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Fitch Solutions upgrades PHL growth outlook on stronger state spending

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roads in Mindanao

FITCH SOLUTIONS raised its Philippine economic growth forecast, citing stronger economic expansion in the third quarter on faster government spending and strong household expenditures.

Fitch Solutions now sees Philippine gross domestic product (GDP) growth this year at six percent, from 5.8% previously, on the back of a “strong rebound in government expenditure and the continued reliance of household confidence.”

At the same time, it maintained its 2020 growth forecast at 6.1%.

The government has GDP growth targets of 6-7% this year and 6.5-7.5% for next year.

“Looking ahead, government consumption looks set to have a buoyant Q4 and rising domestic confidence is likely to result in continued strength in Philippine private demand. Following the mid-term elections in May, in which President Rodrigo [R.] Duterte secured an even stronger majority, and the early passing of the 2020 budget, we expect public sector expenditure to be a key contributor to maintaining the economy’s positive domestic demand story,” Fitch Solutions said in a Nov. 14 report.

Philippine GDP grew by 6.2% in the third quarter after a muted 5.5% average last semester, taking the year-to-date pace to 5.8%.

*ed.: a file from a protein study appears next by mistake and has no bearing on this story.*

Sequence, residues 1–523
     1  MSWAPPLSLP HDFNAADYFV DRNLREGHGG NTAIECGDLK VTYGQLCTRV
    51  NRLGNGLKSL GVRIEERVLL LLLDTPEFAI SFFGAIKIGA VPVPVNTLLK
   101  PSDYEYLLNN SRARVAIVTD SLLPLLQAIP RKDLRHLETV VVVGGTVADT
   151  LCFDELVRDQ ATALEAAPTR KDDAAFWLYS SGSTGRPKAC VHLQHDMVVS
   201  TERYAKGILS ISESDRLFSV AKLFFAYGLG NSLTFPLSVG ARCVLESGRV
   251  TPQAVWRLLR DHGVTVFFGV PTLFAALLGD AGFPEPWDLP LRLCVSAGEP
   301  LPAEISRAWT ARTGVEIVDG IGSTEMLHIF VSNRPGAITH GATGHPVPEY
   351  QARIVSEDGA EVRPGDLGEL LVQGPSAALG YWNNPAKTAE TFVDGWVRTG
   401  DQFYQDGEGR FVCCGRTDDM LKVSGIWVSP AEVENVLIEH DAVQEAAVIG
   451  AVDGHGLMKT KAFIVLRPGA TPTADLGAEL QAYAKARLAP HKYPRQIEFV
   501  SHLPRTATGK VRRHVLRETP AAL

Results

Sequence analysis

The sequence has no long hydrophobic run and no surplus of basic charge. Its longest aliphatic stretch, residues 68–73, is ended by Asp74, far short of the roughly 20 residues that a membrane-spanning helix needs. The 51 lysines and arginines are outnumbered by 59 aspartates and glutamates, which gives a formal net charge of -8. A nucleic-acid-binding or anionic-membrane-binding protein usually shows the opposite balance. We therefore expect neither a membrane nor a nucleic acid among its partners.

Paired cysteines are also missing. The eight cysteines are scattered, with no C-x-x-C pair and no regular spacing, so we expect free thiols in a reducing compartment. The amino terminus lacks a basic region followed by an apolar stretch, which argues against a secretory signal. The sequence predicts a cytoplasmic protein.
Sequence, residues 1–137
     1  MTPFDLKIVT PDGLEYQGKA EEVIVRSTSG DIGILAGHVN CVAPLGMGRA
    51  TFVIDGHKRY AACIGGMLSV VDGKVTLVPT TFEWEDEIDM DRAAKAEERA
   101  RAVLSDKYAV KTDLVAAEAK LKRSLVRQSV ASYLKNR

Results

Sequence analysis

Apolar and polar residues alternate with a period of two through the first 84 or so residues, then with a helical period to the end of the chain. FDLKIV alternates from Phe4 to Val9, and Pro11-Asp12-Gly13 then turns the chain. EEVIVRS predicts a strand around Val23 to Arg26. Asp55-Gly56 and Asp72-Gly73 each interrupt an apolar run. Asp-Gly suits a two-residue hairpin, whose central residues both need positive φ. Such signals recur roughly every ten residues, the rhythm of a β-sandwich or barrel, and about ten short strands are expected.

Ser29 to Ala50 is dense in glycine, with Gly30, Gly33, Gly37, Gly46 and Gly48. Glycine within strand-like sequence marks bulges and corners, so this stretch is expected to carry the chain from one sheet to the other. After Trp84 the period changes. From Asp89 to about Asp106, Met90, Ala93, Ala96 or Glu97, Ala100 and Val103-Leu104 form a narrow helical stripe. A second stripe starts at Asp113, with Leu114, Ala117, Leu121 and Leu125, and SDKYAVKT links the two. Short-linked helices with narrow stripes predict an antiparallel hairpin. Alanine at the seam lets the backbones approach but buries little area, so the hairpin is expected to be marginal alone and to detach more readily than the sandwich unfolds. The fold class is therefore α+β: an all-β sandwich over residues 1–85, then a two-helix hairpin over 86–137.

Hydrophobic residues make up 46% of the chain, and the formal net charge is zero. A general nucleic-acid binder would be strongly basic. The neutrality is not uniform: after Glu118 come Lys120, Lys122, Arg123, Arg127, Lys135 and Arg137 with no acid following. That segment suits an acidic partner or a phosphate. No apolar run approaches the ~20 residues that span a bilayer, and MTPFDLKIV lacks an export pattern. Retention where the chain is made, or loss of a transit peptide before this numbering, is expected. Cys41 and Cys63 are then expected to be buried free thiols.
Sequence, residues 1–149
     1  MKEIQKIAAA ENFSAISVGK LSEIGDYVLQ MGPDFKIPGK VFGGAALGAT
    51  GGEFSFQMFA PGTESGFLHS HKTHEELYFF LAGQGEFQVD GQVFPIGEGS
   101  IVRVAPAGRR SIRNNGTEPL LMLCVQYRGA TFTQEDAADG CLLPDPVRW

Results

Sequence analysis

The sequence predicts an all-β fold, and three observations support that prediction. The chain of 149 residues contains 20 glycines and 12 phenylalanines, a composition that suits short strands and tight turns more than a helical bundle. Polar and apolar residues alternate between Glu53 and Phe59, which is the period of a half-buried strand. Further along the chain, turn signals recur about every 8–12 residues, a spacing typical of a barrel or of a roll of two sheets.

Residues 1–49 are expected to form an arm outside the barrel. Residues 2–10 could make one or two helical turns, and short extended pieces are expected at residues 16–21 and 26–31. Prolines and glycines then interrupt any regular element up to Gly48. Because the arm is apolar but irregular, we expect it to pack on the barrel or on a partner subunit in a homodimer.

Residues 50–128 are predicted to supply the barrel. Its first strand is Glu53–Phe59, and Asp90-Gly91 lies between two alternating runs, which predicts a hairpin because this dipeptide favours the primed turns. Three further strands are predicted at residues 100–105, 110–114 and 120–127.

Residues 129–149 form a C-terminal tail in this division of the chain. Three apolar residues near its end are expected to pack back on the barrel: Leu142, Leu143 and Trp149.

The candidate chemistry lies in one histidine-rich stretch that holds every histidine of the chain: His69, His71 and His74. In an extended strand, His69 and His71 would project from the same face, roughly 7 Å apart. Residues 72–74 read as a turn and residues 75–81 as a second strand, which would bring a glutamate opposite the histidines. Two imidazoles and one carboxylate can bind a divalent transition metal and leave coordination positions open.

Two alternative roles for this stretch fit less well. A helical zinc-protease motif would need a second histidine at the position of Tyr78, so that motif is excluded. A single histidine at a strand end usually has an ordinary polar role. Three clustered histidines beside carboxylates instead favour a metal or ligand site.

“With domestic consumption equivalent to around 77% of the Philippine economy, strength in these areas are key to the overall economic rebound,” Fitch Solutions said.

It also noted that “[b]oth business and consumer expectation surveys [of the central bank] point to strong domestic demand in the final quarter of 2019, with consumer confidence also signalling a more positive outlook for 2020.”

“We believe this is likely in part due to the impact of government stimulus, but also low inflationary pressures and the delayed feed-through effect of the Bangko Sentral ng Pilipinas’ easing measures,” the credit rater said in its report.

Among risks ahead, Fitch Solutions said it expected base effects from last year’s successive multi-year-high inflation rates “to fade over the coming months and also… a possible prolonging of delays in capital investment into 2020 should external demand remain weak.” — Luz Wendy T. Noble

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